Let's think this through together: coin is close in weight, rings properly and does not respond to a magnet. You have ZERO evidence that it is NOT silver.

    It could be a fake. It could be lead It could be plated, but pretty much everyone with any experience on this thread has suggested the opposite. I'll stand with them.

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    Insider2Insider2 Posts: 14,452 ✭✭✭✭✭
    edited October 21, 2017 7:11PM

    The OP's Barber coin is genuine. This thread was hijacked and other coins were posted! I've been posting about the 1918 50c. AFAIK, no weight is given for it in this thread, It's authenticity is up in the air as far as I'm concerned. IT IS PLATED. I tried to help you see that. Until a specific gravity test is done you may stand anywhere you like on the coin dated 1918. <3

    The other coin (Barber 50c) was stated to be genuine soon after it was posted. OBVIOUSLY, IT IS GENUINE AND NOT PLATED!

    Please read what I wrote above:

    TOO MANY COINS IN THE THREAD!!! Please start your own!

    OP's is genuine.

    For now, 1918 50c looks C/F lead-based and plated (granular + bubbles in plating and worn off).

    "D" mint quarter is C/F if it is a "D." Possibly genuine if Sp Gr. OK and mint is "O."

    If you don't agree with any of this, I'll be glad to answer your questions.

    PS No one is picking a fight w/you. Perhaps one of us did not comprehend the total thread. o:)

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    PocketArtPocketArt Posts: 1,335 ✭✭✭✭✭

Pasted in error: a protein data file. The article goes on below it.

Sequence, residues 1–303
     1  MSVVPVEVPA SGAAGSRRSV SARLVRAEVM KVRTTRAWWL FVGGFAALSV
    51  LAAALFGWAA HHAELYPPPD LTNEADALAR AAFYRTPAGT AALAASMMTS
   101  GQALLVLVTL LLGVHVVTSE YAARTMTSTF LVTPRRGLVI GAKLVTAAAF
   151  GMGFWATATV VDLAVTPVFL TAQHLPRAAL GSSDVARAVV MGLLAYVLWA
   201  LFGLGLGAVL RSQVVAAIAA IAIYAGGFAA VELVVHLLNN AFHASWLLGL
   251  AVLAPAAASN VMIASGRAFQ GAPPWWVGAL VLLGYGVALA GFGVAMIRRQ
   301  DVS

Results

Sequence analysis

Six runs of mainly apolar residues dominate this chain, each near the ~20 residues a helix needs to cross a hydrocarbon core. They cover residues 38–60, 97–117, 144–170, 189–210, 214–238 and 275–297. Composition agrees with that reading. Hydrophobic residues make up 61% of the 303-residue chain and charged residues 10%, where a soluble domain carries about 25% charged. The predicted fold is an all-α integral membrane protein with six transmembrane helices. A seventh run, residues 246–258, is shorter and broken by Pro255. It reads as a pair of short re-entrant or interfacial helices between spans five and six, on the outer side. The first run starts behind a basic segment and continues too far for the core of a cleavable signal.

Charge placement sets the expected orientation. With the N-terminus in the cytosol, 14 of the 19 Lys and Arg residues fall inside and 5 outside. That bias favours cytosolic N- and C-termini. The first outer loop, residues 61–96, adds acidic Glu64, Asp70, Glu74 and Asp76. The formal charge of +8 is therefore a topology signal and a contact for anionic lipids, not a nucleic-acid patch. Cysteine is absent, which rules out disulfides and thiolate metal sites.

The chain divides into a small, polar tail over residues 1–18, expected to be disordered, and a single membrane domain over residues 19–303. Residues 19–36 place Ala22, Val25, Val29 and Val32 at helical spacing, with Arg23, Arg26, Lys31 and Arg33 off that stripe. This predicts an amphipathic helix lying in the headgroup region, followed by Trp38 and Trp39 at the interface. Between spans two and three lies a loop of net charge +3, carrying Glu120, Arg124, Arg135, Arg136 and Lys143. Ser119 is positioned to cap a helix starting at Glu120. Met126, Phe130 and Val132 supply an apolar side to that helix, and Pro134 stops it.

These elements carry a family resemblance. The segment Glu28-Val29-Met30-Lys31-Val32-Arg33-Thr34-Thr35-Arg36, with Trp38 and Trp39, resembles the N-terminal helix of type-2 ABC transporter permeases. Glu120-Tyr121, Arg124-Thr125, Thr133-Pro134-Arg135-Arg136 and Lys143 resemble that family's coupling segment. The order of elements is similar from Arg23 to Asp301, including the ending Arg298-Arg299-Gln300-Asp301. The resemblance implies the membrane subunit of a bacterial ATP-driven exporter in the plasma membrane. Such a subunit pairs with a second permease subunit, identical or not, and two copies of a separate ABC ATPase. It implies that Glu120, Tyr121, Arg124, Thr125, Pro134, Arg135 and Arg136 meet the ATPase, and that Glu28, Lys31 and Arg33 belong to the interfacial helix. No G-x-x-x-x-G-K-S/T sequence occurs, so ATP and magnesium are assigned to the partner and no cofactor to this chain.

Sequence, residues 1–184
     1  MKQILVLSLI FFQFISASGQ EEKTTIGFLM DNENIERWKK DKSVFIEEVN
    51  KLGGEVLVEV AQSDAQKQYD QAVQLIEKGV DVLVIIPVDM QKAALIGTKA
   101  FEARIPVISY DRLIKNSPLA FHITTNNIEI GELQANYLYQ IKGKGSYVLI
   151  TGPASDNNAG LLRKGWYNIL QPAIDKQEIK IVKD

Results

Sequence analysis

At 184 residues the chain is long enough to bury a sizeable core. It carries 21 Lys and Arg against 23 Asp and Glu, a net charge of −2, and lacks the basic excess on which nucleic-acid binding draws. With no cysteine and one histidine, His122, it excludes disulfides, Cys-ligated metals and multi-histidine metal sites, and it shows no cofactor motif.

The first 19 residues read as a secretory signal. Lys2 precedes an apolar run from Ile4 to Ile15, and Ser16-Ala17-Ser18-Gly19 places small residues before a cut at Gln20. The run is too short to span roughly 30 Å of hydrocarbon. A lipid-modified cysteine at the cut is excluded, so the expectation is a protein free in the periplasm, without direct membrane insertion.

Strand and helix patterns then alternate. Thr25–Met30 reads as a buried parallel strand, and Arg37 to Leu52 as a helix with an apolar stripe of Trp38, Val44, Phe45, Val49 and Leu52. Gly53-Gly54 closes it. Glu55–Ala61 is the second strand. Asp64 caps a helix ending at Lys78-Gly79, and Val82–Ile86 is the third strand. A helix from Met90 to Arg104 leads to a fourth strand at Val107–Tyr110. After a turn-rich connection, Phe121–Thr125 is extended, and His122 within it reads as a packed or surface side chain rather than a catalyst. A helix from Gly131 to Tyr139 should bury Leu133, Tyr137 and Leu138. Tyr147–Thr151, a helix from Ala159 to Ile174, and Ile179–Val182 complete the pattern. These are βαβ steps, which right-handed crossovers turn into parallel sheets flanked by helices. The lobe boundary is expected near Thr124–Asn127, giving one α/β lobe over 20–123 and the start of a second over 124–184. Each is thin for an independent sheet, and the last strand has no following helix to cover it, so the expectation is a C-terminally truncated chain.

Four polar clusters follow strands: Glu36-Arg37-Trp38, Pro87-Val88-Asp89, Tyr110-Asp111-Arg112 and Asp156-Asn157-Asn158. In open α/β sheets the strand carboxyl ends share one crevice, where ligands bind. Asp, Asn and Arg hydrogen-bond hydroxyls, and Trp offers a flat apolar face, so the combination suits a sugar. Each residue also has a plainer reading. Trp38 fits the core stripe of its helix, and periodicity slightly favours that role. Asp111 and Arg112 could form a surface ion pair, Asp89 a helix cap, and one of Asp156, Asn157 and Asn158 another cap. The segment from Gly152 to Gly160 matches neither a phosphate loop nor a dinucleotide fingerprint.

I will do a specific gratify test on said coin.

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    PocketArtPocketArt Posts: 1,335 ✭✭✭✭✭

    I finally got my scale today...

    1906-O specific gravity is 10.38- checks out for coin silver.

    1918 weight is 9.17 grams, and specific gravity is 7.05- contemporary counterfeit

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    CaptHenwayCaptHenway Posts: 31,554 ✭✭✭✭✭

    @PocketArt said:
    I finally got my scale today...

    1906-O specific gravity is 10.38- checks out for coin silver.

    1918 weight is 9.17 grams, and specific gravity is 7.05- contemporary counterfeit

    Thanks for the update!

    Numismatist. 50 year member ANA. Winner of four ANA Heath Literary Awards; three Wayte and Olga Raymond Literary Awards; Numismatist of the Year Award 2009, and Lifetime Achievement Award 2020. Winner numerous NLG Literary Awards.
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    Insider2Insider2 Posts: 14,452 ✭✭✭✭✭

    @jmlanzaf You were right!